You can still get service connection for a pre-existing disability if you can show that it was permanently aggravated during military service. The boilerplate legalese language is:
A preexisting injury or disease will be considered to have been aggravated by active service where there is an increase in disability during such service, unless there is a specific finding that the increase in disability is due to the natural progress of the disease. 38 U.S.C.A. § 1153; 38 C.F.R. § 3.306(a). Aggravation may not be conceded where the disability underwent no increase in severity during service on the basis of all the evidence of record pertaining to the manifestations of the disability prior to, during, and subsequent to service. 38 U.S.C.A. § 1153; 38 C.F.R. §§ 3.304, 3.306(b). A preexisting disease or injury will be presumed to have been aggravated by service only if the evidence shows that the underlying disability underwent an increase in severity; the occurrence of symptoms, in the absence of an increase in the underlying severity, does not constitute aggravation of the disability. Davis v. Principi, 276 F.3d 1341, 1345 (Fed. Cir. 2002); 38 C.F.R. § 3.306(a).
Aggravation for purposes of entitlement to VA compensation benefits requires more than that a preexisting disorder become intermittently symptomatic during service; rather, there must be permanent advancement of the underlying pathology. Aggravation is characterized by an increase in the severity of a disability during service, and a finding of aggravation is not appropriate in cases where the evidence specifically shows that the increase is due to the natural progress of the disease. Furthermore, temporary or intermittent flare-ups of a preexisting disease during service are not sufficient to be considered aggravation of the disease unless the underlying condition, as contrasted to symptoms, is worsened. See Jensen v. Brown, 4 Vet. App. 304, 306-07 (1993); Hunt v. Derwinski, 1 Vet. App. 292 (1991); Verdon v. Brown, 8 Vet. App. 529, 536-7 (1996).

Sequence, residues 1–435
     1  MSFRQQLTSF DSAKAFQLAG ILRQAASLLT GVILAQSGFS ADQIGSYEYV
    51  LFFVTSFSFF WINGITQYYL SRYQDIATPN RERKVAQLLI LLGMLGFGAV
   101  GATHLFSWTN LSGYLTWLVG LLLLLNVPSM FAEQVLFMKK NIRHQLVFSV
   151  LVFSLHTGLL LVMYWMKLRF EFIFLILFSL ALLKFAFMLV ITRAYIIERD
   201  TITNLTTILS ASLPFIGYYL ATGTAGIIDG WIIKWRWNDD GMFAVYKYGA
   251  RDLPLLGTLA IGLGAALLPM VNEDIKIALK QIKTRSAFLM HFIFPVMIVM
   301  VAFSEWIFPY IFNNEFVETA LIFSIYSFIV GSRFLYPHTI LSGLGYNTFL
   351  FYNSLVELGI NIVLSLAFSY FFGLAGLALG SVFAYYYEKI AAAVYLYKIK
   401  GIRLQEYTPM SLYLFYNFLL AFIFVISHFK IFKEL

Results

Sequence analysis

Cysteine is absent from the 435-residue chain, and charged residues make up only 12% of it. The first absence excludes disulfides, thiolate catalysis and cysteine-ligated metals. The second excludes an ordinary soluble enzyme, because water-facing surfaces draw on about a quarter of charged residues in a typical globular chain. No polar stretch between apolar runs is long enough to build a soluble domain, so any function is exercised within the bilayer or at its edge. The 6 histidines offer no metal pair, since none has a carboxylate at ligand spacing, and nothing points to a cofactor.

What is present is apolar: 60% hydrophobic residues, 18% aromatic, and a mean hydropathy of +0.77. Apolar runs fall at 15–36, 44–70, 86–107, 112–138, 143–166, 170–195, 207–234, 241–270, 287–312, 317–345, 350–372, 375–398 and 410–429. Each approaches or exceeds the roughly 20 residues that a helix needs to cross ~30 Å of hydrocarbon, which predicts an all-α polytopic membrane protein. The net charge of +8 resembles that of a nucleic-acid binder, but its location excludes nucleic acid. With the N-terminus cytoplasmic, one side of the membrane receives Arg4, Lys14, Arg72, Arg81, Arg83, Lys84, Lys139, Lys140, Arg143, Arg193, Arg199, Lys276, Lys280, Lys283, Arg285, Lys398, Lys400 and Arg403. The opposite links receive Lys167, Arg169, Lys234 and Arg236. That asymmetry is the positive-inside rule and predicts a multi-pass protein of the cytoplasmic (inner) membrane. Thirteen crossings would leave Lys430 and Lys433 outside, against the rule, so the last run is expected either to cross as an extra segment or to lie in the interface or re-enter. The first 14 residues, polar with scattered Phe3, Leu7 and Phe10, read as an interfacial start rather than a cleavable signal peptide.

What this basically means is that you need to get a doctor to give you a medical opinion that your Crohn's got permanently worse during military service. If you can prove that, you'll get service connection just as if it had started in service. For you, I recommend the following steps:
1) Get in touch with a vet rep agency such as DAV, VFW, VVA, etc. They'll give you more info on what to do and what evidence you need.
2) Get a private doctor to look you over and give a written opinion about whether your Crohn's was permanently aggravated by military service. Make sure he conducts a full exam before giving the opinion AND make sure he reviews all of your old medical records, especially your service medical records. Make sure the doctor gives a detailed explanation of WHY he thinks your Crohn's was permanently aggravated, citing your own medical history and current medical knowledge if at all possible. Send this report to VA with your claim.
3) If you do the above, VA will likely schedule you for an exam of their own to get a VA doctor opinion on the issue. If the doctor agrees with the private doctor, your claim will likely be granted. If he disagrees, your claim will likely be denied. If it is denied, (promptly) appeal the claim properly up to the Board of Veterans' Appeals. Your rep can help you with this.